Using Client Events to Boost Your Lead Generation

One of the breakout sessions I attended at Keller Williams Family Reunion 2017 was “Client Events as Your Lead Generation Source.” It was a panel discussion led by Tosha Corrigan. The panelists were Seth and Alyce Dailey, Marie Hoffman, Kimber Lovett-Menkiti, and David Hoffman.

There were several books suggested around the subject of serving your clients at a high level:

This post is my notes from this session.

Client Event Ideas

  • clothing swap
  • summer movie night
  • seminars – tax, gardening, school options, anything educational
  • shred event in your geographic farm; bring a taco truck; for everyone who puts your pre-made sign in their yard for the event, you donate an additional $25 to the charity that the event sponsors; donations to local schools are popular and well-supported by the community
  • photos with Santa
  • housewarming party to duplicate clients you love; host them on Saturday afternoon 2-4; have it catered; you show up for a short time; ask your buyers “Who do you know that I should know?” and have them introduce you.
  • if you have a big employer in town, and you have one as a past client, ask him where he hangs out with co-workers after work; host a party/event there (could be a happy hour) and have him invite his co-workers; also invite anyone you know who lives nearby
  • Pottery Barn teaches home decorating classes; you invite the people; the store gives a discount for purchases that day; pass out survey cards asking for their contact info and if they would like to know the value of their home
  • invite clients to pick up a Thanksgiving pie from you; do it the Tuesday before Thanksgiving; send invites and call/text them reminders; it’s not about the pie; people love seeing you again and catching up
  • quarterly buyer happy hour
  • seller seminar twice a year; people are more likely to come if you host it at a nice restaurant
  • BBQ in the park
  • potluck
  • day at the zoo

Lead Generation Around Events

For each event, there are seven touches. Each team member reaches out to the past clients they served and to their own sphere of influence.

  1. 3 months before event, send a “save the date” by mail or email.
  2. 1 month before event, mail an invitation
  3. Sent a Facebook invite or FB private message (let them bring a friend if you want to add that element)
  4. Check-in call for anyone who hasn’t responded yet; ask those who can’t come for a coffee, drinks, or lunch date
  5. Facebook post and final phone call as a reminder confirmation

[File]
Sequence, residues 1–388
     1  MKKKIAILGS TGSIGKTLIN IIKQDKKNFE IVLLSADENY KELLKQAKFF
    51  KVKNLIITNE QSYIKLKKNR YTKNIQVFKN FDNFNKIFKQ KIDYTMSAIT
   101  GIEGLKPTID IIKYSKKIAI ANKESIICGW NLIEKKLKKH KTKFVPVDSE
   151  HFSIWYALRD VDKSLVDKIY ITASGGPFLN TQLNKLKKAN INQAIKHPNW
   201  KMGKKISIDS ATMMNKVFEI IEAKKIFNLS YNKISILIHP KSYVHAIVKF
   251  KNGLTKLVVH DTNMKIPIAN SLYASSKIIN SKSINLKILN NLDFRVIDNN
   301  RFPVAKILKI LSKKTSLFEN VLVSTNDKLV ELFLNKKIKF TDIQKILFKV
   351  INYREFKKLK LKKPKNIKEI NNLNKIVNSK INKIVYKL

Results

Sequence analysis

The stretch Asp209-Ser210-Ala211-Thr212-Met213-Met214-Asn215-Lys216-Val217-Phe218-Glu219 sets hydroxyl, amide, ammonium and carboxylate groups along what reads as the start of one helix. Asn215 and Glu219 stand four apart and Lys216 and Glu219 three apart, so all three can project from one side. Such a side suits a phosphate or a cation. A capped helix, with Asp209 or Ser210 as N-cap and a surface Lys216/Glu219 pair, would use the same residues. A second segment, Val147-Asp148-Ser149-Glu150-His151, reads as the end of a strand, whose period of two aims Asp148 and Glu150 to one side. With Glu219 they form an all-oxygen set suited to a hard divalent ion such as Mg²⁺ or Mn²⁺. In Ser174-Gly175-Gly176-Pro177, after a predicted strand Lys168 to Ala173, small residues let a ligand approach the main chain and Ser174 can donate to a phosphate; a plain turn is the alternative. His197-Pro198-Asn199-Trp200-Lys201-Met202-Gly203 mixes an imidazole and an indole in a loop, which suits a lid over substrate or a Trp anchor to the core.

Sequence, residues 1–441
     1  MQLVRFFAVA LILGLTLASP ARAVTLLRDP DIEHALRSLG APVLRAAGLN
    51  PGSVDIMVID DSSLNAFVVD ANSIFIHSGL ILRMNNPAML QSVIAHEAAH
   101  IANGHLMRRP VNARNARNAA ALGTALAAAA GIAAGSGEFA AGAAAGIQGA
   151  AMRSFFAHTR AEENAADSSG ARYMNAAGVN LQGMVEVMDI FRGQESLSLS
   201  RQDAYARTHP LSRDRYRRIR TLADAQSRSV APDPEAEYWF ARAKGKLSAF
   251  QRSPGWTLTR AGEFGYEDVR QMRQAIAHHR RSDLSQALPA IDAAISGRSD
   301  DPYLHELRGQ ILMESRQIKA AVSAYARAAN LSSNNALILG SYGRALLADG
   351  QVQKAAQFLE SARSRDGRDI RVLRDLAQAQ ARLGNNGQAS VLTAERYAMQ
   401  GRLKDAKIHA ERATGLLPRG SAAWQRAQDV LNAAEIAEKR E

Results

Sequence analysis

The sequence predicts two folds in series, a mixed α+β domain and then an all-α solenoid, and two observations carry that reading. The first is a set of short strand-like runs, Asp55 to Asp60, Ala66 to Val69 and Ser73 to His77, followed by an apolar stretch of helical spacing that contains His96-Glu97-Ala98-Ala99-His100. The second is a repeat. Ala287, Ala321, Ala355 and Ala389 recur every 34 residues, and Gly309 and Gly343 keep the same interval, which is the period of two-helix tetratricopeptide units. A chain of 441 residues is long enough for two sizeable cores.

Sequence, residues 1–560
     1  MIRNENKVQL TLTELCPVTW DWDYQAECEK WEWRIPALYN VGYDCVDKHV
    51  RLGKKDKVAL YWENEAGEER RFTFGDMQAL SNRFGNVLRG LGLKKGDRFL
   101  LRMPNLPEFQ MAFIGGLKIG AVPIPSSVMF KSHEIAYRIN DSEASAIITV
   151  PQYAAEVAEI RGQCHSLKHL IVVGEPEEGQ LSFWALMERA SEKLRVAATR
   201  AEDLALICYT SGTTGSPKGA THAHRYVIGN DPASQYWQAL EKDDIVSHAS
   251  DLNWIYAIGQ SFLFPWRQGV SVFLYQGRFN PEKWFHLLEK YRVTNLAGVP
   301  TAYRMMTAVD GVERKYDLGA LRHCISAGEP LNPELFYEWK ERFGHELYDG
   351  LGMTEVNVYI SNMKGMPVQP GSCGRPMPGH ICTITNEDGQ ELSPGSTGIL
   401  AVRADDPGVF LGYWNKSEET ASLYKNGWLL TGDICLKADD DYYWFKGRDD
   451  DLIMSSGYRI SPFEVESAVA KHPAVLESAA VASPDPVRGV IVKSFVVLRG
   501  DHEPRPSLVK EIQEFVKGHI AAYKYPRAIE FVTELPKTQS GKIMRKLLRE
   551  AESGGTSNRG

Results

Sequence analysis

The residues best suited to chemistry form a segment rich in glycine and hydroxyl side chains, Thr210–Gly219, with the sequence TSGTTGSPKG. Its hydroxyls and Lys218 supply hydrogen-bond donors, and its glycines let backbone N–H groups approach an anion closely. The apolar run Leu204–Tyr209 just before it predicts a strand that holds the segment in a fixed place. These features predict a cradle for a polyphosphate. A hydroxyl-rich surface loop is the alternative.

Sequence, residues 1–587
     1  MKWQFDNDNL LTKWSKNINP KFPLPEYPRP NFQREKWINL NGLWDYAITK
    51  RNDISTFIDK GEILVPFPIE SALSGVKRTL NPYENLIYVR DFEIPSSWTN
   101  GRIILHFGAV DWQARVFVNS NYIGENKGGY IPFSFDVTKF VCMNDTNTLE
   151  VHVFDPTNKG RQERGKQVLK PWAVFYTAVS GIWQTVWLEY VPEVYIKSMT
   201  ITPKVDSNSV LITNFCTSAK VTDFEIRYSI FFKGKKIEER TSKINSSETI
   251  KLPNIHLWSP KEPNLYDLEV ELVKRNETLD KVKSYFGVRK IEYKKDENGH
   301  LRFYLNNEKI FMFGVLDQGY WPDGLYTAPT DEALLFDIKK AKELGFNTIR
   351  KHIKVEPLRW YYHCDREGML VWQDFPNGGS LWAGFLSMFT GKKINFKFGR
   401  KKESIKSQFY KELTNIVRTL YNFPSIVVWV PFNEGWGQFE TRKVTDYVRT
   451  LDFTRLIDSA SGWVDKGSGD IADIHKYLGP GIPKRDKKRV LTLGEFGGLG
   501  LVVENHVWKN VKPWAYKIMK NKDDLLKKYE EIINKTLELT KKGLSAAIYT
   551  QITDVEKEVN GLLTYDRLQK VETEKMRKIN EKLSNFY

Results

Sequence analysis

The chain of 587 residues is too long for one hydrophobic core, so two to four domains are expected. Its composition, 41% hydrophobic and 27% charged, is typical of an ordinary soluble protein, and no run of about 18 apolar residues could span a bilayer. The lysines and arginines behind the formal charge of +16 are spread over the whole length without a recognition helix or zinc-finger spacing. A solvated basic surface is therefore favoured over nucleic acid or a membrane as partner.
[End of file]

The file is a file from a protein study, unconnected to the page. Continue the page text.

6. After the event, email them the photos from the event (hire a professional photographer for this)

From My Notes

“Technology can’t disrupt your tribe.” Essentially, sites like Zillow and can’t compete and lure away your clients when you have a tribe of people who love and respect you because of all the value you offer.

Stack events in the fourth quarter so that you have a good first quarter. Some markets have seasonality where the winter months are slower than the rest of the year and this tactic keeps your first quarter busy.

Have big rocks in place that you do every year. Photos with Santa and giving away Thanksgiving pies were the top two. If you have something clients look forward to every year, you stay top of mind.

Have a catchy name to your events. It’s like a secret handshake and people feel like they are part of something special.

Your mindset has to be that you are adding value. Don’t talk about real estate at the client event. People don’t want to feel like the only reason you asked them to the event was so that you could hit them up for referrals. Be subtle about it; have a sign-in sheet and have them check a box if they’ve been thinking about buying or selling in the next year. You could have printed flyers on the tables with current market data for people to take if they are interested.

On your survey card, ask people, “When you refer our team, what do you say?” This will help you understand what people are saying about you and how you add value to them. It’s a good measure of what your tribe thinks about you.

People want to be missed. Love on those who don’t come. If they RSVP’d for the event and then don’t call and don’t show up, that says something about your relationship with them. Follow up with those people and tell them how sorry you were to not see them there.

Partnering with a charity for your events gets community involvement. People can see how much you like giving back and it’s a warm fuzzy for them.

Put your logo and phone number on the photos you share on Facebook so others can see it when your clients share the photos on their own wall.

Your ROI will never be better than what you get off your own database.

Don’t try to throw money at the event. Hosting something like a potluck at the park is a low-cost way to have an event. Partner with your vendors so that you keep your own cost down.

For your budget model, your salaries category might be skewed higher than your lead generation category if you are paying someone to party plan.

1 Comment

  1. Mandy K. Bateman

    One thing I found especially helpful was the “You were missed call”. It’s a given to call the clients that attended, however, calling the clients that didn’t make it could very likely prove to be much more beneficial in the long run. Be intentional! Let them know that they were missed and that you’d love to catch up with them. After all, who doesn’t like to feel missed!?


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